Page 16 - Foreign Service Journal - April 2012

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F O R E I G N S E R V I C E J O U R N A L / A P R I L 2 0 1 2
for the two-month FAST course. In
this way, EFMs could enjoy sustained
contact with the language while still
having enough time to work part-time
or see to family responsibilities.
For that matter, if there is a seat
available at FSI and an eager USAID
spouse or partner wishes to fill it, why
charge USAID at all? Is it really better
to leave it empty?
Catching Up
USAID should be commended for
its general support of Foreign Service
families. The current USAID EFM
language training policy is well-inten-
tioned and reflects a step in the right
direction. The policy ensures that fam-
ily members can develop the basic lan-
guage skills needed to engage socially
with host communities abroad.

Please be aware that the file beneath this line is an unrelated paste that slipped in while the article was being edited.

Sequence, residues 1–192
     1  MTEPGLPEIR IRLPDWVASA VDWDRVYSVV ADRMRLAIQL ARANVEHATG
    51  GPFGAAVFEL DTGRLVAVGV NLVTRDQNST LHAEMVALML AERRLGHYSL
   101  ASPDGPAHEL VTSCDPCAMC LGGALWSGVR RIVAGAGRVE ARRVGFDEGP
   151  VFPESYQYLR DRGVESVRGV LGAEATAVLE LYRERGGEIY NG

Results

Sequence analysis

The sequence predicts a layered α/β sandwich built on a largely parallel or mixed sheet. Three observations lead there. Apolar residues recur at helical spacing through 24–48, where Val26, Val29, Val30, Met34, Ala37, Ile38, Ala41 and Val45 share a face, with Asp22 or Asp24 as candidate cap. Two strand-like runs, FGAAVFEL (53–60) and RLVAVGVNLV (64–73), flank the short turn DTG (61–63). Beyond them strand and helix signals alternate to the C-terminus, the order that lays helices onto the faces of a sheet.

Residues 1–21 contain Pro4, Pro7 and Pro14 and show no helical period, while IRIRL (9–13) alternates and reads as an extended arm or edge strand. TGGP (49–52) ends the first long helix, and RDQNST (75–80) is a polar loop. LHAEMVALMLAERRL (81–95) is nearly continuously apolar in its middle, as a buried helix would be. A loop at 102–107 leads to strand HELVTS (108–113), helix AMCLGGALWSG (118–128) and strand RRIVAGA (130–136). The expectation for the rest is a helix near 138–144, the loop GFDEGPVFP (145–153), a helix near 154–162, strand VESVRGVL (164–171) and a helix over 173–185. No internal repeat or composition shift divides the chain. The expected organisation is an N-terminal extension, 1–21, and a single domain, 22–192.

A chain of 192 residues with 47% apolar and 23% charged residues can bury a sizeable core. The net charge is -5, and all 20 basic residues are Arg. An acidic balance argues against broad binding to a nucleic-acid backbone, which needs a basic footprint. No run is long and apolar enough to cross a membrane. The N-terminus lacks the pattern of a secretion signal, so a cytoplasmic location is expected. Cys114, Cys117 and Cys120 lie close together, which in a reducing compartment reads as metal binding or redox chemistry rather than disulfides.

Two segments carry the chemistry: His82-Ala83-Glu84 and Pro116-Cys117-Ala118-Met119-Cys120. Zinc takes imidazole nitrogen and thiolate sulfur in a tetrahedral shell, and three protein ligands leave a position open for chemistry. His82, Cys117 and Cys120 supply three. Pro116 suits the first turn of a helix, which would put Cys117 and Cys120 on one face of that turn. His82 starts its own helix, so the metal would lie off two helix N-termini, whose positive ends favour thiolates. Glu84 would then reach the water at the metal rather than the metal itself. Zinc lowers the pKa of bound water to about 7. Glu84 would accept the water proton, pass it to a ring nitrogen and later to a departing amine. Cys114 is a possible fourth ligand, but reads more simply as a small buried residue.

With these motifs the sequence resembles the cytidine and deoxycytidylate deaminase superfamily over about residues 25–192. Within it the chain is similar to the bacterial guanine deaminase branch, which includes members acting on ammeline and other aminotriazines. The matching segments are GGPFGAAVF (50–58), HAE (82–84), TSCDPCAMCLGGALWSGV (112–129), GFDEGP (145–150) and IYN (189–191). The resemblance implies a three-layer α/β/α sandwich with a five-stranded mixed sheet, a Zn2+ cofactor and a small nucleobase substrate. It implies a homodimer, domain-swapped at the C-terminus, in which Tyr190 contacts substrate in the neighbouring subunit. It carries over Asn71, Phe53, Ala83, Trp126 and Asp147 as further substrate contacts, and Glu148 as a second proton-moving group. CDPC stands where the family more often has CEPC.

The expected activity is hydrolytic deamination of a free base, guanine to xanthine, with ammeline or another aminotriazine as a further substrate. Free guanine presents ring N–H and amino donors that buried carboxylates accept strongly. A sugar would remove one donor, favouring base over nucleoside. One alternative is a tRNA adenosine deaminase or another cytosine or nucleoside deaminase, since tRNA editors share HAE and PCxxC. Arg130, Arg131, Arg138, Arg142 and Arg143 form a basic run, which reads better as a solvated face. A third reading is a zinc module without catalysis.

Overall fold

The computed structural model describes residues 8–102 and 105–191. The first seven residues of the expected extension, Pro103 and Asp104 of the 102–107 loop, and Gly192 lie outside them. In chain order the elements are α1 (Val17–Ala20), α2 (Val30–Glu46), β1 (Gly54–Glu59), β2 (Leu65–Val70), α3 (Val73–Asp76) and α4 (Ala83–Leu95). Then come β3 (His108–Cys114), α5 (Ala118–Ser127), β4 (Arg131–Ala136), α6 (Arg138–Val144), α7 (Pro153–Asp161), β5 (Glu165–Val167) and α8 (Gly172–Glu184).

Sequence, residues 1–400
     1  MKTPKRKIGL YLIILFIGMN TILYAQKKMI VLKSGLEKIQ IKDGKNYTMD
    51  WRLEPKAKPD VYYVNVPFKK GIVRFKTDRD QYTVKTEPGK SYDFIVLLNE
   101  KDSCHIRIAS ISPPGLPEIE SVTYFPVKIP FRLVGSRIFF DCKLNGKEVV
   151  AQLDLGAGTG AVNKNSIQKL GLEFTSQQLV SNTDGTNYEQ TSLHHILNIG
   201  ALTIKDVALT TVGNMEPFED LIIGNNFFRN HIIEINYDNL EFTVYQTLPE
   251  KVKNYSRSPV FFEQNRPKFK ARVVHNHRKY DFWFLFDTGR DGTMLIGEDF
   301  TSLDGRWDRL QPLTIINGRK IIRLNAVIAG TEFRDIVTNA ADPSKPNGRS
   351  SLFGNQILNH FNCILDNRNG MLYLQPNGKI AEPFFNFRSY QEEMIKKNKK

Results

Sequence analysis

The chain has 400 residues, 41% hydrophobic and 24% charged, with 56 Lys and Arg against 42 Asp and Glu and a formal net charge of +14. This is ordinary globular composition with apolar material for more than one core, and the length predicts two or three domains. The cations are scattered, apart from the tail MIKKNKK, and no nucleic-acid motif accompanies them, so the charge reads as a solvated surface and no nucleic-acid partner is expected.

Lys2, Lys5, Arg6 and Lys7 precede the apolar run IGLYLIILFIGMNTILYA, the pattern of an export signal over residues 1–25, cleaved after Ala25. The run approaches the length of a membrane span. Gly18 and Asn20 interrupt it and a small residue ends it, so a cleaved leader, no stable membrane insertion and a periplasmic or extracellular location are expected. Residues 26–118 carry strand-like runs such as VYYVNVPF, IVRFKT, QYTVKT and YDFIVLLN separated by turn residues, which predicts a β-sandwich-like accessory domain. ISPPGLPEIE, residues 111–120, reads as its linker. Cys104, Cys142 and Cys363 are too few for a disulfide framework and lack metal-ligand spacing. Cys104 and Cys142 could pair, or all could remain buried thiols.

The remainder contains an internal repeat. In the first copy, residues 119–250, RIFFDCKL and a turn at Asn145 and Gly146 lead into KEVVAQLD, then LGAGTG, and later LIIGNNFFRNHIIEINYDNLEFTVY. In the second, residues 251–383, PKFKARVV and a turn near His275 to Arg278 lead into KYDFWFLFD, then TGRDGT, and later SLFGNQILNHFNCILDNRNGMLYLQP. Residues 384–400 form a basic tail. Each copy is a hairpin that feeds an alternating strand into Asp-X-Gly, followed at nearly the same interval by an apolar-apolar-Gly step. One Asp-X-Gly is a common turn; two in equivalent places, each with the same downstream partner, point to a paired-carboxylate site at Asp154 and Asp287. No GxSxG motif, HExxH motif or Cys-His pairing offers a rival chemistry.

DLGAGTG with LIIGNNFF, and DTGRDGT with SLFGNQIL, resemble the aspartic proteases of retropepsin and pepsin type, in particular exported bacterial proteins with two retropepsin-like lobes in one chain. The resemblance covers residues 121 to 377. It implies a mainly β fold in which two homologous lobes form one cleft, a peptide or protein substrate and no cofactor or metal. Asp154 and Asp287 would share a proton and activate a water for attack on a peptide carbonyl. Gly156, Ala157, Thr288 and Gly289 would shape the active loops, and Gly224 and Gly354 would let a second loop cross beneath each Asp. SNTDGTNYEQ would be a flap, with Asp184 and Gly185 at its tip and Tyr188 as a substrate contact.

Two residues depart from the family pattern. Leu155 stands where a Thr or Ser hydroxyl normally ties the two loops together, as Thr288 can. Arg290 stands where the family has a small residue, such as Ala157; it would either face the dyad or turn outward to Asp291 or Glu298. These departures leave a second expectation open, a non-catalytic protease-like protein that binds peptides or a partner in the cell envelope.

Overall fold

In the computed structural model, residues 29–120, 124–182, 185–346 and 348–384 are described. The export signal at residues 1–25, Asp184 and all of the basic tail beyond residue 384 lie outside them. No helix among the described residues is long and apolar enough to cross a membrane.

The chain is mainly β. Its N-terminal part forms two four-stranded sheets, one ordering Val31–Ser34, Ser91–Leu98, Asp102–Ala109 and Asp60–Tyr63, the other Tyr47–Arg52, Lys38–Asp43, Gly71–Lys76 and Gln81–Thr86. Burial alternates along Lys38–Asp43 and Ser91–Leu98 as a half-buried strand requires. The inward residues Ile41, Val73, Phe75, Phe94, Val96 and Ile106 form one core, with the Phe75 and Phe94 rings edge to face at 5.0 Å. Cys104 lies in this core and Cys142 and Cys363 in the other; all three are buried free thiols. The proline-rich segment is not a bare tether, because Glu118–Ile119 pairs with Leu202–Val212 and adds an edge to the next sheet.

Still, the policy does not help pre-
pare them to succeed professionally at
post. Also, when compared to how
State supports its EFMs with language
training, USAID’s budget appears to
leave us a step behind.
But USAID can catch up
and
AFSA is already helping. Late last
year, AFSA included EFM language
training in a package of parity issues it
presented to USAID. While it has not
yet announced any decisions on these
issues, the agency is reviewing its op-
tions. To help spur discussion, here are
three ways forward for USAID and
others to consider.
1. State, USAID, AFSA and others
could work together to rewrite
13 FAM 110 to expand FSI’s mandate
to all appropriate Foreign Service per-
sonnel and their Eligible Family Mem-
bers. State should then ensure FSI
receives the necessary resources to im-
plement the new policy.
2. USAID could give EFMs the op-
tion to matriculate in basic language
courses at FSI, rather than only be el-
igible for FAST courses.
3. USAID could give EFMs the op-
tion for long-term, part-time training
at a local private language school at a
cost equivalent to that of a FAST
course.
Brendan M. Wheeler, a USAID FSO
since 2008, is currently in language
training in advance of his assignment
in Dakar. He previously served in Ad-
dis Ababa.
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P E A K I N G
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